There was another early returner today with a drake Wigeon at Lytchett Bay along with another Green Sandpiper, 4 Curlew, 10 Teal 5 Redshank, 1 Marsh Harrier and 2 broods of Shelduck. The Grey Plover on Brownsea was still present, doing its best to masquerade as something rare in its funny transitional plumage. Also a Hobby over the reedbed on Brownsea and 130+ Black-tailed Godwit on the Lagoon. I was also lucky enough to spend a few hours on Brownsea last week for the National Trusts Bio Blitz. Whilst in one of the Dorset Wildlife Trust hides that looks out across the lagoon I took the opportunity to take some footage of the Sandwich Terns that were coming and going, as well as some of the newly fledged chicks. If you’ve never been to Brownsea to experience this, I highly recommend it. The nesting islands are just feet away from the hide and the sight (and smells) are just incredible.

Sandwich Tern – Brownsea Lagoon 12/06/15 – To watch in HD press play, hover the curser over the cogged shaped symbol and select 1080

Sandwich Tern with chick – Brownsea Lagoon 12/06/15 – To watch in HD press play, hover the curser over the cogged shaped symbol and select 1080


Harbour Update - posted 16/06/15

There were more signs of autumn yesterday with the seasons first juvenile Willow Warblers along the Arne Road. Two lovely lemon yellow individuals calling from the roadside in the company of several juvenile Chiffchaff. Another Green Sandpiper was at RSPB Lytchett Fields with 11 Teal and 2 Curlew were out in Lytchett Bay. On Brownsea a Grey Plover was present with 8 Bar-tailed Godwit and 2 Hobby were feeding over the reed bed on the DWT managed part of the reserve. After analysing a few nights worth of recording from the lower Frome Valley (Swineham area). A selection of highlights included a fly over Little Grebe (thanks Nick Hopper for ID), a few parties of Curlew heading up/down the Frome Valley, more hunting Nightjar and several displaying Redshank and Lapwing.

Little Grebe – Flight call of a bird moving at night – Lower Frome Valley 16/06/15 

Harbour Update - posted 15/06/15

A true sign that autumn is coming is when the first Green Sandpipers arrive back, which is exactly what happened today when two were seen at RSPB Lytchett Fields. This may be a sad signal that summer may be over before its even begun, buts let not for get that the autumn migration season can actually last from mid June until mid November, depending on which species you’re looking for, so don’t worry, there’s plenty of time to soak up some sun. Also at Lytchett Fields, another adult Little Ringed Plover, 11 Redshank, 6 Lapwing and 8 Teal now back. On Stoborough Heath still a calling Cuckoo and 1 Willow Warbler on territory. A Cuckoo was still calling at Swineham too. A few waders are still appearing with 7 Bar-tailed Godwit and 1 Whimbrel in Brands Bay and still good numbers of over-summering Black-tailed Godwit with 139 there too. There were 2 Spoonbill at Arne along with 2 Hobby and a Peregrine. A night recording session in the lower Frome Valley picked up several calling/hunting Nightjar, a flock of Curlew passing overhead, several Water Rail, a passing Coot, a distant Woodlark, night singing Reed Warblers, plus plenty of Grey Heron, Mallard, Gadwall, Marsh Frogs, plus a handful of interesting wader calls that need a bit of following up.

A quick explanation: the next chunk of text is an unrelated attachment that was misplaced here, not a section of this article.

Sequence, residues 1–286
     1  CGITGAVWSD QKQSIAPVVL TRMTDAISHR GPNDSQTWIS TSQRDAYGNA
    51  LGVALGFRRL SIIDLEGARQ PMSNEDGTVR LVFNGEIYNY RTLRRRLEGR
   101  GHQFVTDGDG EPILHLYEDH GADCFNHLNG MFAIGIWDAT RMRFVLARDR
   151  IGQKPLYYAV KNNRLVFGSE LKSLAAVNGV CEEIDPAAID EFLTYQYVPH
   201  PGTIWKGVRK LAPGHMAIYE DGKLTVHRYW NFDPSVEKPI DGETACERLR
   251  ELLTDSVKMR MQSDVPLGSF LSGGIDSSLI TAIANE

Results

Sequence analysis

Harbour Update - posted 12/06/15

Lytchett Fields played host to 4 adult Little Ringed Plover today, asking the question….where do they keep coming from? This has been by far the best ever spring for this species at this site. Have they bred locally? on site? or do the adults just see Lytchett Fields as an excellent vacation location which is why birds keep popping up out of nowhere. Also on Lytchett Fields an increase of 12 Redshank, including two mating birds and (filmed by Ian Ballam WATCH HERE) It was busy with the regular species on the Brownsea Lagoon too with many Sandwich Tern chicks now hatched along with plenty of Black-headed Gull chicks too. There doesn’t seem to be any Common Tern chicks just yet, but it’s just a matter of time. Also on the lagoon were 3 Ringed Plover, 1 Avocet, 50+ Black-tailed Godwit, several newly hatched Oystercatchers, 5 Med Gulls and 2 broods of newly hatched Shelduck

Harbour Update - posted 10/06/15

Several searches for the elusive eagle were conducted from in and around the harbour but to no avail. Birds encountered in the process though included 2 Crossbill over Slepe Heath, 3 Egyptian Geese in the Wareham Channel, Woodlark, Tree Pipit and Dartford all still vocally active on and around Hartland and plenty of Swift passing through. At RSPB Lytchett Fields 2 adult Little Ringed Plover were back on the fields. We still can’t work out if these are new birds that keep turning up or the same two that are possibly breeding on site. There was a Ringed Plover out in the bay today and a Lesser Whitethroat on territory at Turlin. There were Spoonbill reported in Middlebere today and there are still good numbers of Black-tailed Godwit commuting between various feeding zones in the harbour. A Red Kite was over the Bakers Arms roundabout yesterday which was just one of what seems to be a national influx over the last few days. With these nice clear sky’s keep looking up, as Cornwall had 185+ pass over on Monday alone.

Click To Enlarge
  • Reed Bunting with large dragonfly - Swineham - Keith Rawling
  • Common Whitethroat - Swineham - Keith Rawling
  • Reed Warbler fledgling - Lytchett Fields - Ian Ballam